William R. Leonard is a leading anthropologist in the field of human nutrition. He was born in Jamestown, NY and received his PhD in biological anthropology from the University of Michigan at Ann Arbor in 1987. He is now an Abraham Harris Professor in the Department of Anthropology and the Chair of Anthropology at Northwestern University. He is also the Director of the Global Health Studies Program.

Dr. William R. Leonard (left) with former student Josh Snodgrass, Univeristy of Oregon, conducting fieldwork in Siberia. (Photo provided by William Leonard)

Much of his research focuses on nutrition, energetics, and child growth in both modern and prehistoric human populations. He has traveled and studied in regions of South America, including Bolivia, Ecuador, and Peru, and also Siberia. In these regions, Leonard conducts research on population adaptation to their specific nutritional environment and how these adaptations affect their health, as well as contribute to chronic disease risks. Additionally, Leonard compiles information about human and primate ecology in order to examine the evolution of nutritional requirements in our hominid ancestors. This research leads to insight regarding the origins of obesity and metabolic diseases in contemporary human populations.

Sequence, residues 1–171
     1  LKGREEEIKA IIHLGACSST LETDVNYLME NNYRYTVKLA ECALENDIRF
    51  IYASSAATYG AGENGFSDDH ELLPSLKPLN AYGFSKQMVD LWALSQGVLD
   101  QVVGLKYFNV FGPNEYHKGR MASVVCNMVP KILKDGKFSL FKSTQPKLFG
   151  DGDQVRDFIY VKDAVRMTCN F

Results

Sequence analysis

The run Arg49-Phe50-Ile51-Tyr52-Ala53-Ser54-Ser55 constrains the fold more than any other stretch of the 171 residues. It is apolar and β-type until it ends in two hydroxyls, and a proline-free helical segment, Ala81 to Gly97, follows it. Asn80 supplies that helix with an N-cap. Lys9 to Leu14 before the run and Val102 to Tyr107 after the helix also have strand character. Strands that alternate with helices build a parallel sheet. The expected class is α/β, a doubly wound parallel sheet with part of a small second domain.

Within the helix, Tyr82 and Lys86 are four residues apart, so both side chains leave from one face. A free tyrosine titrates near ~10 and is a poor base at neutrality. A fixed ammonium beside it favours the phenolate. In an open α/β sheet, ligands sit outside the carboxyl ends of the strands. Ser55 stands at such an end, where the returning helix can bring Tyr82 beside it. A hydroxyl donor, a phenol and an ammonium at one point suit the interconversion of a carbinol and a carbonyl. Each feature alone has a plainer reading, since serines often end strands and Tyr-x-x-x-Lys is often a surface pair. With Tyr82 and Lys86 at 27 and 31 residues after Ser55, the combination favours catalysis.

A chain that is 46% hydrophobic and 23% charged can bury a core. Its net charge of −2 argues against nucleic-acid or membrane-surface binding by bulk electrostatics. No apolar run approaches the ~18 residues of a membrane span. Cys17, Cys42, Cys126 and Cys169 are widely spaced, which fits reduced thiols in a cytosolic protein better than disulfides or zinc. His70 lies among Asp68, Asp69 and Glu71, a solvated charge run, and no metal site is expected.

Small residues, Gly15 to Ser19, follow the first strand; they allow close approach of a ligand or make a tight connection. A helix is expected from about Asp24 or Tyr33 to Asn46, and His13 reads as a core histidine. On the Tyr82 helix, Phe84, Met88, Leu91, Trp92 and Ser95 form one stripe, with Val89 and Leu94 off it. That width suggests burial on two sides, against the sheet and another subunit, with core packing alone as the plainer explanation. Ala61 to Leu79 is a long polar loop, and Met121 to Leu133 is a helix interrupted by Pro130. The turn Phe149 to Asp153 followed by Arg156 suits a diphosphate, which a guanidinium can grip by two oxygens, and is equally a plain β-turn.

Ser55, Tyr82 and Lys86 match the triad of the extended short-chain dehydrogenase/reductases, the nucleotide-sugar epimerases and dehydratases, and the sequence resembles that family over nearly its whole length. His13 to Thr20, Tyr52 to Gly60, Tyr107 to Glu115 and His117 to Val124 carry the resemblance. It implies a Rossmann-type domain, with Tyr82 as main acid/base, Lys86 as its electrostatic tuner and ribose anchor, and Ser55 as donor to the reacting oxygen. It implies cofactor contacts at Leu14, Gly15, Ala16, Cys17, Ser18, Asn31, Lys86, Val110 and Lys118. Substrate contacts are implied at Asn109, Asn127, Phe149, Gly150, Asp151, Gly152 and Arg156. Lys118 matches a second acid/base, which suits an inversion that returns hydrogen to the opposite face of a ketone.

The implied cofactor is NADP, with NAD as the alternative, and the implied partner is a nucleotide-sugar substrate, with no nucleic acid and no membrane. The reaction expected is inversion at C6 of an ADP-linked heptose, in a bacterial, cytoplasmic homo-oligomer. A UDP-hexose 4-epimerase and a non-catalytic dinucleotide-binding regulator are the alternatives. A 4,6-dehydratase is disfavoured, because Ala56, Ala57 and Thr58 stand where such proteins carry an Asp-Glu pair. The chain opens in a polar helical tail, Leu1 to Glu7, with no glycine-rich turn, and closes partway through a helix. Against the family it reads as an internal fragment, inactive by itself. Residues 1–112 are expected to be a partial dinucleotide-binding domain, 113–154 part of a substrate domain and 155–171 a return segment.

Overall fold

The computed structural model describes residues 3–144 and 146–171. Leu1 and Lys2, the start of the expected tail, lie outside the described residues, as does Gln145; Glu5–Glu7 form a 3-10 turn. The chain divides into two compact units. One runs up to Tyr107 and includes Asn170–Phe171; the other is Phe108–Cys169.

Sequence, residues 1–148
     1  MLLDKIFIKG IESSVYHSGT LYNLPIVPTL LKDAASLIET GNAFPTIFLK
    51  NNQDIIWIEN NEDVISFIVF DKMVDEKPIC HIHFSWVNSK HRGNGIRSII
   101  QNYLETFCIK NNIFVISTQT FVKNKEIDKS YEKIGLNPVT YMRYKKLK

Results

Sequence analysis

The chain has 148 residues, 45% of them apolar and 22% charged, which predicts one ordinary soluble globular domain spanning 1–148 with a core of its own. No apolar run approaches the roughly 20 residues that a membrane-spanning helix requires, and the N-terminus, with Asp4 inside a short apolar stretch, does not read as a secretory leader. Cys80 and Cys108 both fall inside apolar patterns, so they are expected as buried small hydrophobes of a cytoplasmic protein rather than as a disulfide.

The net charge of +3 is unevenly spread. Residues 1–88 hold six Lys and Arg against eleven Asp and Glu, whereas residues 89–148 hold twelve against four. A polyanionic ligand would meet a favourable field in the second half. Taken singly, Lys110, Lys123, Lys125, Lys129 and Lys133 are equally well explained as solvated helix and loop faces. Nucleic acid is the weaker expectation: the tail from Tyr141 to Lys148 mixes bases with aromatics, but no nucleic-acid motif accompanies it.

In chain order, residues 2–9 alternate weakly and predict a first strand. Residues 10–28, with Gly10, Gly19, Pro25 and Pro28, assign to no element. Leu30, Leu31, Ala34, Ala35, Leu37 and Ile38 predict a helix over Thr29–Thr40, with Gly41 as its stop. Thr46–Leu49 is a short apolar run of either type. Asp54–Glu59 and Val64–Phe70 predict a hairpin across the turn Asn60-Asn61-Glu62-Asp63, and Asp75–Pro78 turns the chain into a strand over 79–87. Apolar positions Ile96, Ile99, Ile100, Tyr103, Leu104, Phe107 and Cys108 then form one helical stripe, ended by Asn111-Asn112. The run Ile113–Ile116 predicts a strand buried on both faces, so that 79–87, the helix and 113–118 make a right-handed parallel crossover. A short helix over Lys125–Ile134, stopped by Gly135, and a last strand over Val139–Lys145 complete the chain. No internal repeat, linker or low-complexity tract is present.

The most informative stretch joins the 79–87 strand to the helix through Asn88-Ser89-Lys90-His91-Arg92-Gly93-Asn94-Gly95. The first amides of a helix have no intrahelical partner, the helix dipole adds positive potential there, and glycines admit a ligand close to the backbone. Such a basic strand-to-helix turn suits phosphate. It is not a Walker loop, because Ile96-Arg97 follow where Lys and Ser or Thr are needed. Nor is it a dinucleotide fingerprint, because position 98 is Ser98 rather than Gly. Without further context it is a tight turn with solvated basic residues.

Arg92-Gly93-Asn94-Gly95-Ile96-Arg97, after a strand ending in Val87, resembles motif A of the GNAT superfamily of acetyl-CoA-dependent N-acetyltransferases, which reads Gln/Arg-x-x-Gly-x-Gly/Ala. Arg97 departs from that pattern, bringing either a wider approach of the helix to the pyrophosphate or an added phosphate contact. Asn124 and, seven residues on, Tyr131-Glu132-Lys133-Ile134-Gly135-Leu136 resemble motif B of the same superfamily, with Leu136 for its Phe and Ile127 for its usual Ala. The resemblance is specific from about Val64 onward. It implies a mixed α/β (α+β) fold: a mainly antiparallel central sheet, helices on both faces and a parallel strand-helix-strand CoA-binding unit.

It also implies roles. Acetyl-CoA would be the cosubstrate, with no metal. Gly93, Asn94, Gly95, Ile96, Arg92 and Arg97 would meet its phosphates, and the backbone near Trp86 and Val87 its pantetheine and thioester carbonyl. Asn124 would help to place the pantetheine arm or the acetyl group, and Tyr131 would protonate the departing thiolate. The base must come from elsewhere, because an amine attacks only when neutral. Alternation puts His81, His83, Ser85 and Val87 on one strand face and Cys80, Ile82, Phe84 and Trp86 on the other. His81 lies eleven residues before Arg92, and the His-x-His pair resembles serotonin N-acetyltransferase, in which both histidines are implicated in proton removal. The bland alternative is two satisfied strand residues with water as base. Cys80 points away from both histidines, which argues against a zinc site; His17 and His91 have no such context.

One recently published paper by Leonard, titled “The global diversity of eating patterns: Human nutritional health in comparative perspective” highlights Leonard’s work surrounding human nutrition, dietary trends, and the raising rates of obesity in the US. In the paper, he focuses on the different types of subsistence in the US versus less modern, more traditional societies. He notes that the energy intake between industrialized and non-industrialized societies is not different, but that the composition of nutrition includes higher levels of fats and carbohydrates in industrialized cultures. He also compares humans’ nutritional needs to primates, noting that the increase in brain size in higher-level primates such as humans has led to humans requiring higher quality foods than some of our close evolutionary relatives. As rates of obesity and chronic metabolic diseases continue to rise in the US and other industrialized societies, research such as Leonard’s studying the causes and origins of such nutritional deficiencies is of growing importance.